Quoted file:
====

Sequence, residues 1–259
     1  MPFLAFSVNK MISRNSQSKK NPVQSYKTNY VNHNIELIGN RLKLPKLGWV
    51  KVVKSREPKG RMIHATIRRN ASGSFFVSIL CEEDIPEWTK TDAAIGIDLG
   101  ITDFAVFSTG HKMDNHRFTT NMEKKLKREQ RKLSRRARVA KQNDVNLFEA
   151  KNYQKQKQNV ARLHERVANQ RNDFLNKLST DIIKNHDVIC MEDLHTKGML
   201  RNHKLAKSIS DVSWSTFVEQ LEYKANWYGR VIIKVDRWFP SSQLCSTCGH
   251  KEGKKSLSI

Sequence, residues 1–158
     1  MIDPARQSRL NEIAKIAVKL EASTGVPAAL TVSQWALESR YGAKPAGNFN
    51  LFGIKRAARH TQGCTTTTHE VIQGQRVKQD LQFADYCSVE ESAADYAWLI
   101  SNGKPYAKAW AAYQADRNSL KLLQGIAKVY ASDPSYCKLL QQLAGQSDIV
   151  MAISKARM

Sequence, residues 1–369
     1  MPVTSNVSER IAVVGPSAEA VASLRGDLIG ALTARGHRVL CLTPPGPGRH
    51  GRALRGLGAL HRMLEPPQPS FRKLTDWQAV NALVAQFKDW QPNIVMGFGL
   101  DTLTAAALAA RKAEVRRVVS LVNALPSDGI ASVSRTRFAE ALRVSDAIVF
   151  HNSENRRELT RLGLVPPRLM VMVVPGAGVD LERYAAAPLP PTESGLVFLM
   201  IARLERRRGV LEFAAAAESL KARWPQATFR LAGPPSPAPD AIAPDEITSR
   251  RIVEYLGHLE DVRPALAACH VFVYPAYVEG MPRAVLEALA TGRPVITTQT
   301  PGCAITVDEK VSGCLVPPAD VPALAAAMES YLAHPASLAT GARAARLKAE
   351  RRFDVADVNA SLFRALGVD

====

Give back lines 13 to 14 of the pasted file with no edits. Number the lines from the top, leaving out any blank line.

Sequence, residues 1–369
     1  MPVTSNVSER IAVVGPSAEA VASLRGDLIG ALTARGHRVL CLTPPGPGRH